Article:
“And if I didn’t like somebody and I didn’t want to dance for them, I could tell them to f&$% off. There’s not that many jobs where you can really do that, right?”

But Storry admits that she learned numerous skillsets she wouldn’t have acquired anywhere else.

“There’s definitely ups and downs and there’s a lot of exploitation in that industry,” she admits. “I do see a lot of women who have pimps and who are in bad situations – and a lot of the dancers don’t really open up to each other.

“There really isn’t that warmth and camaraderie – and I think that needs to change. There is also a lot of guilt and shame and regret in that industry as well, and I feel like women need to feel more empowered and feel good about the fact that they did do that job and it gives you a lot of skill sets that you can build on.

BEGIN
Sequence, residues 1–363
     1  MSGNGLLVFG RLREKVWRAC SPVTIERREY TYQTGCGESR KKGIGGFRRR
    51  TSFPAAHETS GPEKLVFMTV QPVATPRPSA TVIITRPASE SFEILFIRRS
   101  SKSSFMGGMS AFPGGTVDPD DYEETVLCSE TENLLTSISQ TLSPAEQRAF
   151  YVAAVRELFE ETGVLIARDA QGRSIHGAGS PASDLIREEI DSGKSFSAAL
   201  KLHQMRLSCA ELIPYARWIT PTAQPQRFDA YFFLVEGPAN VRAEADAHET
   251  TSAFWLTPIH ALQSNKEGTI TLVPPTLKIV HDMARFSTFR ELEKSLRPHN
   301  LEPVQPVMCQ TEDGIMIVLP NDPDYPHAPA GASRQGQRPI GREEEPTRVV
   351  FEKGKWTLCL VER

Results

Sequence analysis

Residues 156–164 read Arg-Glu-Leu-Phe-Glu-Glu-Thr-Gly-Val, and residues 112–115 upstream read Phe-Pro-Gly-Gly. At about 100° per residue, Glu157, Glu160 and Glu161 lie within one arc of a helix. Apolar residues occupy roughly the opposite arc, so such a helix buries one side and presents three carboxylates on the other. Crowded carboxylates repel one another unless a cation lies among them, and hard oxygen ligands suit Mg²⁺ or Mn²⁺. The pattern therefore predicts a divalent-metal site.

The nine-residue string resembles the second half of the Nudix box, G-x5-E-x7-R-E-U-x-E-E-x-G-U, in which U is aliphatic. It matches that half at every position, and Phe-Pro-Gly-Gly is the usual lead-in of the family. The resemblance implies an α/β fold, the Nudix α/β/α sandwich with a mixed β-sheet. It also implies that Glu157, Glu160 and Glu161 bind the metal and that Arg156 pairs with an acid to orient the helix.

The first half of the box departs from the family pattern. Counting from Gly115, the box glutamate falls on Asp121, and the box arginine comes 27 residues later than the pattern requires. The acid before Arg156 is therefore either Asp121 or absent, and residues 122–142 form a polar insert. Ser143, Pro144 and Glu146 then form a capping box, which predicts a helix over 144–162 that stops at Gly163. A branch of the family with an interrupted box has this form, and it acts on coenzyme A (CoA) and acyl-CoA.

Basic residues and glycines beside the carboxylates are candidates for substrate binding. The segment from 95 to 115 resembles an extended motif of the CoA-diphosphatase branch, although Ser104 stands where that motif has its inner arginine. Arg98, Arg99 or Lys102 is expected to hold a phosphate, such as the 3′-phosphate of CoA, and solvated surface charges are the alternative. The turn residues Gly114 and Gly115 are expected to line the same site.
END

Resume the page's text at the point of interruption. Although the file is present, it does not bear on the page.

“I was an introvert when I went into that industry – and I learned how to be an extrovert. Now, it’s served me so well that I can go into a million meetings with just about anyone in the industry and not feel intimidated.”

Storry also wants to dispel the disgrace surround the sex industry and eliminate the self-loathing in a profession that clearly exists due to necessity.

“There’s still stigma, there’s still slut-shaming. I want all sex workers to realize that they’re all valuable,” says Storry. “We’re all worthy. We all just need to love ourselves.

“We have given value to the world. And just because people don’t want to appreciate that…and if there was no demand, then there would be no supply.”